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Africa needs vaccines. What would it take to make them here?


Vaccines: it’s safe to say that no one living today has ever thought quite so much about these invaluable substances. Rollouts of COVID-19 vaccines are well underway in some countries, especially those with large domestic manufacturing capacity. Many African countries have received their initial shipments from the COVAX facility


and from bilateral deals, in some cases months earlier than in previous pandemics such as H1N1, but on the whole Africa has struggled to secure timely access to adequate supplies. Africa relies heavily on vaccine imports: the continent imports almost 99 percent of its routine vaccines today. The COVID-19 pandemic has revived a long-standing question in African and global circles: What would it take for Africa to manufacture its own vaccines?

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The idea has never been far from leaders’ minds; outbreaks of Ebola in 2014 and 2018, as well as regular threats from other Africa-specific diseases such as Lassa fever or Rift Valley fever, are vivid reminders. There would be several benefits of homegrown manufacturing: public-health resilience in times like these, of course; greater ability to address Africa-specific diseases rapidly; better preparedness for the next epidemic or pandemic; and, on the economic side, less strain on trade balances, improvement in the skilled labor pool, and an easing of foreign-exchange requirements. Other emerging markets, especially those with large domestic populations such as Brazil, India, and Indonesia, have built successful domestic vaccine industries.

Despite these clear benefits, cost concerns, inconsistent access to capital, uncertainty about demand, and other issues have kept most African countries and companies from venturing into vaccine production over the past decade. Today, however, four factors, spurred by the current pandemic, may be changing the calculus.

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Insights to Impact: Tania Holt on what it takes to make vaccines in Africa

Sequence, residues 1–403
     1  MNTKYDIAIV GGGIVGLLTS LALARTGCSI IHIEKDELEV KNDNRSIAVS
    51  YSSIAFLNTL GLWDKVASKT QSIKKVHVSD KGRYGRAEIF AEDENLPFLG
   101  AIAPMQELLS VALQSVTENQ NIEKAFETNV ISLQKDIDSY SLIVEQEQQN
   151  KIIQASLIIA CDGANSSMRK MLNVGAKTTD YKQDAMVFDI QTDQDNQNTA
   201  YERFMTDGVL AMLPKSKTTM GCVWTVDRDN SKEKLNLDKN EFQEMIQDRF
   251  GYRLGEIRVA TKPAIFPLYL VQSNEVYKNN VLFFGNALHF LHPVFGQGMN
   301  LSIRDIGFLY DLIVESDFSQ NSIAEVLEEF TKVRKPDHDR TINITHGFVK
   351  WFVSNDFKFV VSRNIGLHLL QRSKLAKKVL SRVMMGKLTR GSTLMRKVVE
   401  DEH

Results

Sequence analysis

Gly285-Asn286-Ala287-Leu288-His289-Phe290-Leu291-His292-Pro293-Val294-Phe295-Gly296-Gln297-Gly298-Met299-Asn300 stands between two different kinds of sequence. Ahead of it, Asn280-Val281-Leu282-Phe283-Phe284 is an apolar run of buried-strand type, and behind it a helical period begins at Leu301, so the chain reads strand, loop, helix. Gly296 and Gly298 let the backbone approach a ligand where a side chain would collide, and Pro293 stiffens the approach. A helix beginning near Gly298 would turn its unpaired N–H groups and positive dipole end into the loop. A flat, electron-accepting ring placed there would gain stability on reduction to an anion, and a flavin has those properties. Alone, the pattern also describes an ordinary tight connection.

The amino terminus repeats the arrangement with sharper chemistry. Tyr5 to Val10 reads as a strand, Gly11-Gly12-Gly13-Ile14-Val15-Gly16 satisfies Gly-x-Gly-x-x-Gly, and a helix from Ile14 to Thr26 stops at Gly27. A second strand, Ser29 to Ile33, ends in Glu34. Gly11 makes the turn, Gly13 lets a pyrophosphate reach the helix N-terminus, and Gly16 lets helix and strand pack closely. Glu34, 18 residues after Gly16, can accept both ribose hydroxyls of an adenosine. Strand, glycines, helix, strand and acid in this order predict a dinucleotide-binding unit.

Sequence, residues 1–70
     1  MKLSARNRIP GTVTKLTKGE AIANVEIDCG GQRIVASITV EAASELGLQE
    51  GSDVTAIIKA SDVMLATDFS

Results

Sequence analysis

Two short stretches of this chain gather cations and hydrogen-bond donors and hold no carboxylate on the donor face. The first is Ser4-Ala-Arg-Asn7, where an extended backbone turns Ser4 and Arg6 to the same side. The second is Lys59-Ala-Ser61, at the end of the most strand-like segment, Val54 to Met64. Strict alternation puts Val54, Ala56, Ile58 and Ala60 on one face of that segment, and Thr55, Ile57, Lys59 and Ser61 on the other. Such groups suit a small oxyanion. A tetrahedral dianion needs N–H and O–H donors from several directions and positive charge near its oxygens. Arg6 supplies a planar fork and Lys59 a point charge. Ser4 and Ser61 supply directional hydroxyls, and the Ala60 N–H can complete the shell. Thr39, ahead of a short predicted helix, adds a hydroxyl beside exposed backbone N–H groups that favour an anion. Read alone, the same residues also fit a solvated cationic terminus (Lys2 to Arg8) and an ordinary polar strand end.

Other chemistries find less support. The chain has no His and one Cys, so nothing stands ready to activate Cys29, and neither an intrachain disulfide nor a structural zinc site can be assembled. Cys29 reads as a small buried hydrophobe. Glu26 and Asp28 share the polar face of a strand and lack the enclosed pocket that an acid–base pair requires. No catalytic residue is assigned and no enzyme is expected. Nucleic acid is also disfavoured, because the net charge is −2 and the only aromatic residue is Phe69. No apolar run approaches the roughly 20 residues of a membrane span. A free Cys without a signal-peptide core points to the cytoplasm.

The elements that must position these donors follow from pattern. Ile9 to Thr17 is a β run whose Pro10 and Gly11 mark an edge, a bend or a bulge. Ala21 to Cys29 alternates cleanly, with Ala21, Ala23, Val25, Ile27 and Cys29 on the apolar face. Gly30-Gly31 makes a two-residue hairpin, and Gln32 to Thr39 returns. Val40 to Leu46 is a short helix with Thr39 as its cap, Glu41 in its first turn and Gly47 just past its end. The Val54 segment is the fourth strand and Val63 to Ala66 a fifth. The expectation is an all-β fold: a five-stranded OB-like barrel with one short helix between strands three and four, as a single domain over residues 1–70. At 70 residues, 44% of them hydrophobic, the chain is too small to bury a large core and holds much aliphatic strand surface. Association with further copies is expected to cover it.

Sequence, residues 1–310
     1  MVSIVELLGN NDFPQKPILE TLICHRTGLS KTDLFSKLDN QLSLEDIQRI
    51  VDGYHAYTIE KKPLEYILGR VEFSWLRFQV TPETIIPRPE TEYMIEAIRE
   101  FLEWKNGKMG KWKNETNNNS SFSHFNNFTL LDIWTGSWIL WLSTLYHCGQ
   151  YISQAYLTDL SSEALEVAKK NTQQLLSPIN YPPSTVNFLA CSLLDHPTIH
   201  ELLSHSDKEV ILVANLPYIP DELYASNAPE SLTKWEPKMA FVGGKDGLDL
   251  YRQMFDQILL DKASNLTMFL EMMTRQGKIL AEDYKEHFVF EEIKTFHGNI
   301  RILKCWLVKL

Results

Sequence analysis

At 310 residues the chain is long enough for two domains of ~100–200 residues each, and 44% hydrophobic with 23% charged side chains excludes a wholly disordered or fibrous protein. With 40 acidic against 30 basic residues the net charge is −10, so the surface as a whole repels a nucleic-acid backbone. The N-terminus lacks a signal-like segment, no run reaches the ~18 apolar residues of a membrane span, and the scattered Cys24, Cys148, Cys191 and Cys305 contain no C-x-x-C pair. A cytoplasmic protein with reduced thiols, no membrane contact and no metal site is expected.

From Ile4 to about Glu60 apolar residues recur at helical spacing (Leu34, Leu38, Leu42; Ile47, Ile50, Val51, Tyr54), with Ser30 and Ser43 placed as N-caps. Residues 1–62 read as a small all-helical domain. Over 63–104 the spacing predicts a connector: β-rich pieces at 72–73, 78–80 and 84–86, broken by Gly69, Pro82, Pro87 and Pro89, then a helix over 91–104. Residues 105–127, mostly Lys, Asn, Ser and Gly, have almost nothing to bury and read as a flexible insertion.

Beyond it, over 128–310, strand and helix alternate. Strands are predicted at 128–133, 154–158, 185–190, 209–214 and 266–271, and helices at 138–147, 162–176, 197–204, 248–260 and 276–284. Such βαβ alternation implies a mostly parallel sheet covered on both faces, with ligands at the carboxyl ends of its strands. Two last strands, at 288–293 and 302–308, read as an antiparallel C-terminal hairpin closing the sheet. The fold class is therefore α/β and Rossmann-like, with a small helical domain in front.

McKinsey senior partner Tania Holt describes key insights from this article. Learn more about Tania Holt here.


The impact of COVID-19 and Africa-specific outbreaks. African and global public-health leaders do not want African countries to be last in line for vital supplies, which has arguably happened recently, as well as during the 2009 H1N1 influenza pandemic. Leaders are increasingly aware of the importance of health security as a critical tool for securing the continent’s development of and calls for investments into vaccine manufacturing.

Strong demand growth. In our estimates, the public market for vaccines in Africa could rise from $1.3 billion today to between $2.3 billion and $5.4 billion by 2030, depending on the scenario. While Africa’s population is growing faster than that of most other regions, significant immunization coverage gaps remain, and new products, such as vaccines for Lassa fever or malaria, could be introduced and used widely on the continent.

Evolving economics driven by new technologies. Many worry about Africa’s production costs, which could indeed be higher than in today’s vaccine powerhouse locations (such as India—which makes approximately 70 percent of Africa’s vaccines today). But the fast pace of technology innovation that we have seen in recent years at every step of the vaccine-development and -manufacturing value chain may mean that production costs are no longer a showstopper. Small-scale disposable technologies, high-density bioreactors, and…



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